Publication of IMPRS-LS student Sara Santarelli
Santarelli, S., Zimmermann, C., Kalideris, G., Lesuis, S.L., Arloth, J., Uribe, A., Dournes, C., Balsevich, G., Hartmann, J., Masana, M., Binder, E.B., Spengler, D., and Schmidt, M.V.
Psychoneuroendocrinology, 2017, 78, 213-221.
An adverse early life environment can enhance stress resilience in adulthood.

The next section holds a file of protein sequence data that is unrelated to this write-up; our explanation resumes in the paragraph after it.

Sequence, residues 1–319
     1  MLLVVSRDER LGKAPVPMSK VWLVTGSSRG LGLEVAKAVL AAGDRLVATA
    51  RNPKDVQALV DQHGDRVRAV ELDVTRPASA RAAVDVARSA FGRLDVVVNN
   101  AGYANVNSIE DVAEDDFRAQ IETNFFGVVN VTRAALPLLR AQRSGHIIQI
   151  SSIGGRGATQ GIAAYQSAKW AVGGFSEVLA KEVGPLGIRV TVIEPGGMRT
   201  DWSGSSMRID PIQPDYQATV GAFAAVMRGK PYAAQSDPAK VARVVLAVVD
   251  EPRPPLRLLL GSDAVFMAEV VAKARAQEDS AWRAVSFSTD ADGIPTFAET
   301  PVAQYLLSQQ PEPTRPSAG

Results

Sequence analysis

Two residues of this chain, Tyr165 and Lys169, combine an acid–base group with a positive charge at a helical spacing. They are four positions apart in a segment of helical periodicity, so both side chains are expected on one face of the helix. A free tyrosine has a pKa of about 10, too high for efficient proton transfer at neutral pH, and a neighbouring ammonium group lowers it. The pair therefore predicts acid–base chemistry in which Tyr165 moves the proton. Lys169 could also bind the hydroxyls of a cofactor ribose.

Chronic stress is a major risk factor for depression. Interestingly, not all individuals develop psychopathology after chronic stress exposure. In contrast to the prevailing view that stress effects are cumulative and increase stress vulnerability throughout life, the match/mismatch hypothesis of psychiatric disorders. The match/mismatch hypothesis proposes that individuals who experience moderate levels of early life psychosocial stress can acquire resilience to renewed stress exposure later in life. Here, we have tested this hypothesis by comparing the developmental effects of 2 opposite early life conditions, when followed by 2 opposite adult environments. Male Balb/c mice were exposed to either adverse early life conditions (limited nesting and bedding material) or a supportive rearing environment (early handling). At adulthood, the animals of each group were either housed with an ovariectomized female (supportive environment) or underwent chronic social defeat stress (socially adverse environment) for 3 weeks. At the end of the adult manipulations, all of the animals were returned to standard housing conditions. Then, we compared the neuroendocrine, behavioral and molecular effects of the interaction between early and adult environment. Our study shows that early life adversity does not necessarily result in increased vulnerability to stress. Specific endophenotypes, like hypothalamic-pituitary-adrenal axis activity, anxiety-related behavior and glucocorticoid receptor expression levels in the hippocampus were not significantly altered when adversity is experienced during early life and in adulthood, and are mainly affected by either early life or adult life adversity alone. Overall our data support the notion that being raised in a stressful environment prepares the offspring to better cope with a challenging adult environment and emphasize the role of early life experiences in shaping adult responsiveness to stress.